“I WAS FASCINATED BY THE GUITAR when I was very young,” says
66-year-old British Isle folk legend Bert Jansch. “But it wasn’t
until I was a teenager that I actually started playing and going
to folk clubs and watching all of the amazing guitarists. A woman
named Jill Doyle, Davey Graham’s half-sister, was my first
guitar teacher. After I learned the basics, songwriting and playing
just seemed to go hand-in-hand—three chords and you’re
off.” From there, Jansch went on to become arguably not only the
British Isles folk guitarist, but also one of Britain’s most influential
guitarists period. Jansch’s style is a wonderful amalgam
of the traditional folk discipline with deep, yet-never- obvious
blues, jazz, and Middle Eastern influences woven throughout.
Combined with his wonderful singing
voice, a supple yet driving sense of time,
and songwriting prowess that led him to
being tagged the “British Bob Dylan” back
in the mid ’60s, Jansch is indeed, as Neil
Young testified, “On the same level as
Jimi Hendrix.” Jansch’s most recent studio
album, 2006’s The Black Swan [Drag
City], features collaborations with Devendra
Banhart and Beth Orton. The album,
like nearly every one of his 23 solo
releases, is a must-have for anyone interested
in a true master of the instrument.
The stunning “authorized bootleg”
album, Live at the 12 Bar [Sanctuary/
Fontana], was released earlier this year.
Health-wise, the past few years have
been challenging for the guitarist. In 2005
he had heart surgery and in 2009 an extensive
North American jaunt was cancelled
due to a lung cancer diagnosis, which is
now, thankfully, in remission. But after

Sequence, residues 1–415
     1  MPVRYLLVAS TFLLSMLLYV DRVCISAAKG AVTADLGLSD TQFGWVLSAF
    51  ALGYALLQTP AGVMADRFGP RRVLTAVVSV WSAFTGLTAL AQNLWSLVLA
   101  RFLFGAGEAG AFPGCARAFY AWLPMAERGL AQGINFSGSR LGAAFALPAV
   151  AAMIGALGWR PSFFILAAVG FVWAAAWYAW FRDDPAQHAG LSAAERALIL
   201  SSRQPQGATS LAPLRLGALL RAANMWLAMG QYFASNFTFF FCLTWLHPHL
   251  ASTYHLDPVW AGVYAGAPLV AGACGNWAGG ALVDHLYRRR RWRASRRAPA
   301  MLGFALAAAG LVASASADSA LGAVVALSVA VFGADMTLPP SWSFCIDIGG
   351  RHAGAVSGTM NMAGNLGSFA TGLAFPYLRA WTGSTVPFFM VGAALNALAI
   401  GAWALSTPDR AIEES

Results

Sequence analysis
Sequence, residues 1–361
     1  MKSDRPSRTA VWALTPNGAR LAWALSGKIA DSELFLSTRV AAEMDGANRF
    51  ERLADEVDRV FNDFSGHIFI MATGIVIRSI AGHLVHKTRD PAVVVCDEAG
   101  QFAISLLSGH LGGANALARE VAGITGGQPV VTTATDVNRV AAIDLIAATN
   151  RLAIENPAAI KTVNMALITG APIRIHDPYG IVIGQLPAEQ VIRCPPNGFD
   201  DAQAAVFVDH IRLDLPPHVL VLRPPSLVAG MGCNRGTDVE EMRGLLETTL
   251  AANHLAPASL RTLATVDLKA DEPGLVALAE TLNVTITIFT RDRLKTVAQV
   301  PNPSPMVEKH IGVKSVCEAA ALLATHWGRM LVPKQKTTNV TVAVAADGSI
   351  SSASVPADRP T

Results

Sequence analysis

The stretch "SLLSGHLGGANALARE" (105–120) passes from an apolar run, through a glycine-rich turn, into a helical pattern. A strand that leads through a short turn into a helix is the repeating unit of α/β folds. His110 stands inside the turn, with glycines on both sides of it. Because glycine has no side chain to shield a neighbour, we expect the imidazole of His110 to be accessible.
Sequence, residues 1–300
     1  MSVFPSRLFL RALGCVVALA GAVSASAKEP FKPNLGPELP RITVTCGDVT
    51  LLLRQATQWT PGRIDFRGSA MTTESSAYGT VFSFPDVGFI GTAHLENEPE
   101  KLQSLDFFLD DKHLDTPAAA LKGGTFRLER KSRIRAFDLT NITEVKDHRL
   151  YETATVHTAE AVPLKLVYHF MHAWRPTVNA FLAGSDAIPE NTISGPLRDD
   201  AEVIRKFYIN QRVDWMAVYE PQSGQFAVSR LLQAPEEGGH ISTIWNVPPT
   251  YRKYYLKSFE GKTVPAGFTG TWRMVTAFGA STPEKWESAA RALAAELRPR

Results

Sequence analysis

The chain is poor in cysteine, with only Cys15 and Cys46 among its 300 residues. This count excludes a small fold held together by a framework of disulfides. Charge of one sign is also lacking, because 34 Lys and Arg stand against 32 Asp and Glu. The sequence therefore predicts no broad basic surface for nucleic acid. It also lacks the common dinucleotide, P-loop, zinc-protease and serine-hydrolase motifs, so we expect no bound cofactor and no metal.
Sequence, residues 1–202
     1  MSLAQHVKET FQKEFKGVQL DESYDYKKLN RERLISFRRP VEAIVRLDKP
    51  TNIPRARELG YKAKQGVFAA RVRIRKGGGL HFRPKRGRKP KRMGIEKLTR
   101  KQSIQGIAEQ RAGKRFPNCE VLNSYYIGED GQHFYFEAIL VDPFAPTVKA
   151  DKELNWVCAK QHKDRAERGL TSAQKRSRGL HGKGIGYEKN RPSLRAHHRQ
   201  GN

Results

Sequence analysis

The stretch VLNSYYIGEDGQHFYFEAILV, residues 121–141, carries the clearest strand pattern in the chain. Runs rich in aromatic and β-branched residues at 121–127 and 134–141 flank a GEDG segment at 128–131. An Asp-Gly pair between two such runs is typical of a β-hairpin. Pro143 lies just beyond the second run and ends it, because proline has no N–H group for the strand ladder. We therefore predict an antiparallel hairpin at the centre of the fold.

each setback, Jansch continued recording,
gigging, and generally playing some
of the most inspired music of his life. This
past summer saw him road doggin’ across
the U.S., opening up for Neil Young,
appearing at Eric Clapton’s Crossroads
festival in Chicago (at the personal behest
of Slowhand himself), and then playing a
slew of additional dates with Young.
Jansch’s consistent and exceptional output
throughout his career has made him
impervious to resurgence—he’s never gone
anywhere. But there does seem to be a bit
more recognition of his continued, singular
brilliance these days by a whole new
generation, and that’s a good thing.
How has your playing evolved over the years?
It’s a lot less complicated. I find that
with all things guitar, you tend to continuously
explore—which can obviously be a
good thing. But oftentimes you end up
adding a lot of extra stuff and I’ve been trying
to cut that down as much as possible
and focus more on melody rather than extra
parts that don’t really need to be there.
Has your songwriting process changed at all?
Not really, but kind of like everything else
when you get older, it takes me a lot longer
to write a tune than it used to. But even
though it takes me three times as long to
finish a tune now, I think I have a more complete,
fully realized product when I’m done.
You famously tracked your 1965 debut album
in a kitchen with a Revox tape recorder. Has modern
recording technology made it any easier for
you to capture your creative output?
Yes. I have my own studio at home at the
bottom of my garden. It’s a wonderful space
to play guitar in and it’s sort of my hideaway/
hang out area too. I have a Pro Tools
setup in there and if I stumble across something
real good, I can capture it whenever I
want or hone the idea whenever I want. I
tracked all the basics for The Black Swan in
my house, before I built the studio out back.
I passed ideas back and forth with [producer]